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Reforming Austria's Highly Regarded but Costly Health System

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  • Rauf Gönenç
  • Maria M. Hofmarcher
  • Andreas Wörgötter

Abstract

The highly regarded Austrian health system delivers good quality and easily accessible services, but is costly. Its governance and funding structure is highly fragmented and it makes too much use of inpatient care in hospitals. Entry and competition opportunities are de facto limited in most health markets. The system operates therefore on a supply-driven basis, and does not have clear mechanisms to optimize spending on a cost-benefit basis. Population lifestyles are also not supportive of good health outcomes and suffer important differences between social groups, raising risks for the future. This Working Paper reviews Austrian authorities’ responses to these challenges, and makes recommendations based on OECD countries’ experiences. The suggested priorities are: i) more clearly assigning the performance, financing and spending responsibilities in the system, ii) enforcing a national capacity plan for publicly-funded inpatient and outpatient care, iii) introducing performance-based payment mechanisms in all services, iv) promoting the transition to “integrated care” by better balancing preventive, outpatient, inpatient, rehabilitation and long-term care, v) emphasizing healthier lifestyles and monitoring progress against national health goals (such as targets for obesity and overweight rates), and vi) better clarifying the medium-term fiscal outlook and scenarios of the system. This working paper is a slightly revised and completed version Réformer le système de santé très apprécié mais coûteux de l'Autriche Le système de santé autrichien, très apprécié, qui dispense des soins de qualité et aisément accessibles, est néanmoins coûteux. Sa structure de gouvernance et de financement est très compartimentée et le recours à l’hospitalisation est excessif. L’entrée dans le secteur et la concurrence sont de facto limitées sur la plupart des marchés de la santé. Le système est donc régi par l’offre et ne dispose pas de mécanismes précis permettant d’optimiser la dépense selon un bon rapport coûts-avantages. Les modes de vie de la population ne favorisent pas non plus de bons résultats en matière de santé et il existe d’amples disparités entre les groupes sociaux, ce qui constitue un risque pour l’avenir. Le présent document de travail passe en revue les mesures prises par les autorités autrichiennes face à ces défis et formule des recommandations fondées sur l’expérience des pays de l'OCDE. Les priorités qu’il est proposé de retenir sont les suivantes : i) définir plus précisément les responsabilités respectives au sein du système en matière de performance, de financement et de dépenses ; ii) mettre en application un plan de capacités pour les soins hospitaliers et ambulatoires financés sur fonds publics, iii) mettre en place dans tous les services des mécanismes de rémunération en fonction de la performance, iv) favoriser la transition vers une « intégration des soins » en veillant à un meilleur équilibre entre soins préventifs, soins ambulatoires, soins hospitaliers, soins de réadaptation et soins de longue durée, v) promouvoir des modes de vie sains et suivre les progrès par rapport aux objectifs nationaux de santé (comme des repères de taux d’obésité et de surpoids), et vi) mieux définir les perspectives et les scénarios budgétaires à moyen terme qui se profilent pour le système. Ce document de travail est une version légèrement révisée et complétée du chapitre spécial de l'Etude économique de l'OCDE de l’Autriche 2011 (www.oecd.org/eco/etudes/autriche).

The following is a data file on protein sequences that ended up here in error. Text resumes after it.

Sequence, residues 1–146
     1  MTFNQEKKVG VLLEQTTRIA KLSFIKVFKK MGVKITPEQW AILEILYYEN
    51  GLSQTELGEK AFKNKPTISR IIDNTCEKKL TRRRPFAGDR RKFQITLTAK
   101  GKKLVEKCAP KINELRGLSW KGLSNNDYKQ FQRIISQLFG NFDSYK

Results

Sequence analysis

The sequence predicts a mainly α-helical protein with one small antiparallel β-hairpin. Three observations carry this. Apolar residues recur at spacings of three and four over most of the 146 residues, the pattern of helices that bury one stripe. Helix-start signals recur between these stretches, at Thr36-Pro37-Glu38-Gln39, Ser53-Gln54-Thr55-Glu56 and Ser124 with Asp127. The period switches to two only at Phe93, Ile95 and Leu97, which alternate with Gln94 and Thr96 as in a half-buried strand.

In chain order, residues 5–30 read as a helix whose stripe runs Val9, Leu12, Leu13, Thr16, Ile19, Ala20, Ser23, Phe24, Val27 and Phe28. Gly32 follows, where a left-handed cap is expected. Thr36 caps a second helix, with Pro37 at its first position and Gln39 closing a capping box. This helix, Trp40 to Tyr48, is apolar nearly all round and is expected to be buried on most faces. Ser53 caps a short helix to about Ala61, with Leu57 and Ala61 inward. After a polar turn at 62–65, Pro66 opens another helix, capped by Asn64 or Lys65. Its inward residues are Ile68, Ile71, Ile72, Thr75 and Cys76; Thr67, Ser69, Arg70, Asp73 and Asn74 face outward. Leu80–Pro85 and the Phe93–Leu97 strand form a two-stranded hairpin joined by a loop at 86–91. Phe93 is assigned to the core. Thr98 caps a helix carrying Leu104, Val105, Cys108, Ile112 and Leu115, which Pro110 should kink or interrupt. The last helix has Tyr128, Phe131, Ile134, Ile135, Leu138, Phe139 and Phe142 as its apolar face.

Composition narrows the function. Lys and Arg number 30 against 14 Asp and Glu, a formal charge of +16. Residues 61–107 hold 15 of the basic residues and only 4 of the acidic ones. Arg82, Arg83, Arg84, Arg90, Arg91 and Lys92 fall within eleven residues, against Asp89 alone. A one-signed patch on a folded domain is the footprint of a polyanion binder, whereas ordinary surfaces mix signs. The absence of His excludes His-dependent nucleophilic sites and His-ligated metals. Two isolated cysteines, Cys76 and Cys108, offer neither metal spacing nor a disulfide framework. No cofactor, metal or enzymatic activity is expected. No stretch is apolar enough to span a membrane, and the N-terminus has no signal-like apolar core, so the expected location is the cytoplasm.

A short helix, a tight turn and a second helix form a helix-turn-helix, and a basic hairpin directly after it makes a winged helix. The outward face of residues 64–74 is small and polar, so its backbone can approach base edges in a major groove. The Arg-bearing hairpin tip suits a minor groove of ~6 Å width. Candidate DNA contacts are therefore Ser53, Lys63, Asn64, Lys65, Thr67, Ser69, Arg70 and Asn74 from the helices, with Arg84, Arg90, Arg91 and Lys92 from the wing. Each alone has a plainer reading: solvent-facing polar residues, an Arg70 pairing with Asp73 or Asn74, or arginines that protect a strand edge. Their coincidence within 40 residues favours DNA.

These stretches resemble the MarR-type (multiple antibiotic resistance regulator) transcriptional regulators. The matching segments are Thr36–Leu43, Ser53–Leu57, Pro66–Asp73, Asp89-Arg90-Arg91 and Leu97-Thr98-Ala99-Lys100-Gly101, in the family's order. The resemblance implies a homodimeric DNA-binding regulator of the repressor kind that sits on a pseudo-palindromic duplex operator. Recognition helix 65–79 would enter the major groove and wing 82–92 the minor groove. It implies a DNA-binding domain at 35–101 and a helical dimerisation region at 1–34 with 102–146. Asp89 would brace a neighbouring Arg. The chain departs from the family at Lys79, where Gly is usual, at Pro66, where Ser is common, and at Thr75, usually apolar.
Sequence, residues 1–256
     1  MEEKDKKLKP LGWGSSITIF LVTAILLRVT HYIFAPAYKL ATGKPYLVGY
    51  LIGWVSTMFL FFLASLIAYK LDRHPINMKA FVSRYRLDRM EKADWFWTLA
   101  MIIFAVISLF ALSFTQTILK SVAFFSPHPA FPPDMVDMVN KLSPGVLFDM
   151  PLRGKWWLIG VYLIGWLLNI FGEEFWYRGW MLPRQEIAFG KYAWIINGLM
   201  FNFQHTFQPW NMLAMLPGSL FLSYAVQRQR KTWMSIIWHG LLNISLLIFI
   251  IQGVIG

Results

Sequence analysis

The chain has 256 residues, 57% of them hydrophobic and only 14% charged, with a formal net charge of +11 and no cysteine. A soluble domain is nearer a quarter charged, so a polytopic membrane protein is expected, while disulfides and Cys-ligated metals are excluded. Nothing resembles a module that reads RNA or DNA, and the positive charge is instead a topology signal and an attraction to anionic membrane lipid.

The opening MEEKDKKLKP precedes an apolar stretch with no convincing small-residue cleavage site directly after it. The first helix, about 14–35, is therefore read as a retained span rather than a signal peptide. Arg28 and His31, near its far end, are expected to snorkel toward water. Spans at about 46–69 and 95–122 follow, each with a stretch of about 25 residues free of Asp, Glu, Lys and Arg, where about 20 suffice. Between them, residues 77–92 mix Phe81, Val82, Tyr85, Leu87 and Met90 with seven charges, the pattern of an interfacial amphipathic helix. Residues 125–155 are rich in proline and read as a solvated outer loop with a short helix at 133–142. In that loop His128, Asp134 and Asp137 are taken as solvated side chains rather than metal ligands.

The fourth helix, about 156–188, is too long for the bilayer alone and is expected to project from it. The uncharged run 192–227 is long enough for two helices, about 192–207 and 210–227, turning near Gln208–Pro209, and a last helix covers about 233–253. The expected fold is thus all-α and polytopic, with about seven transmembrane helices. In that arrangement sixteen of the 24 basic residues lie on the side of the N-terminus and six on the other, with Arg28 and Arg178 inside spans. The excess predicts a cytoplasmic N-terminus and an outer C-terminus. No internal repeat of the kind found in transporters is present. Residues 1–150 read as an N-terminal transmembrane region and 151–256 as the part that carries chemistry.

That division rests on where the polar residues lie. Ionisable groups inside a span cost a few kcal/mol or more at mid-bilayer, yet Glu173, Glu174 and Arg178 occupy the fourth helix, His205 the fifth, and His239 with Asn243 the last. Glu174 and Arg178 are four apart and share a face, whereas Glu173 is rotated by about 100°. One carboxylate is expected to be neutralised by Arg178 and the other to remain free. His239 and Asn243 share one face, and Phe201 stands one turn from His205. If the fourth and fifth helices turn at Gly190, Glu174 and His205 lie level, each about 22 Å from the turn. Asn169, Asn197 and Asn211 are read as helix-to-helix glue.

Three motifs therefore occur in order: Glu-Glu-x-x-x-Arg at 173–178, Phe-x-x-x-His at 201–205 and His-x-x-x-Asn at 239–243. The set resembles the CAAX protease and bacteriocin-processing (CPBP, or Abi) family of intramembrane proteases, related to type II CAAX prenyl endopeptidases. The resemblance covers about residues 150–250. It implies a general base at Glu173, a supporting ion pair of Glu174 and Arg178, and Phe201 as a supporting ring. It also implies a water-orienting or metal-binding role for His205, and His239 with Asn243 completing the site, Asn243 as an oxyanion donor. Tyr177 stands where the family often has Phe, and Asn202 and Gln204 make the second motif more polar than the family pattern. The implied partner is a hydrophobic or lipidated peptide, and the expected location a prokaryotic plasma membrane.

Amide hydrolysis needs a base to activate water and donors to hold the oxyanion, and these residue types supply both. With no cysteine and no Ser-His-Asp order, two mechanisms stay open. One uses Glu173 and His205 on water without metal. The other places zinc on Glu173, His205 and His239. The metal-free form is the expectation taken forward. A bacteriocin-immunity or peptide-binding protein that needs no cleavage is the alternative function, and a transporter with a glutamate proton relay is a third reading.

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Bibliographic Info

Paper provided by OECD Publishing in its series OECD Economics Department Working Papers with number 895.

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Date of creation: 29 Sep 2011
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Handle: RePEc:oec:ecoaaa:895-en

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Keywords: public spending; efficiency; health care system; health institutions and policies; Austria; Autriche; institutions et politiques de santé; efficacité; dépenses publiques; système de santé;

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  1. Isabelle Joumard & Christophe André & Chantal Nicq & Olivier Chatal, 2008. "Health Status Determinants: Lifestyle, Environment, Health Care Resources and Efficiency," OECD Economics Department Working Papers 627, OECD Publishing.
  2. Isabelle Joumard & Christophe André & Chantal Nicq, 2010. "Health Care Systems: Efficiency and Institutions," OECD Economics Department Working Papers 769, OECD Publishing.
  3. Unto Häkkinen & Isabelle Joumard, 2007. "Cross-Country Analysis of Efficiency in OECD Health Care Sectors: Options for Research," OECD Economics Department Working Papers 554, OECD Publishing.
  4. David Dranove, 2008. "Introduction to Code Red: An Economist Explains How to Revive the Healthcare System without Destroying It
    [Code Red: An Economist Explains How to Revive the Healthcare System without Destroying It]
    ," Introductory Chapters, Princeton University Press.
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Cited by:
  1. Kostera, Thomas, 2013. "Subnational responsibilities for healthcare and Austria's rejection of the EU's patients’ rights Directive," Health Policy, Elsevier, vol. 111(2), pages 149-156.

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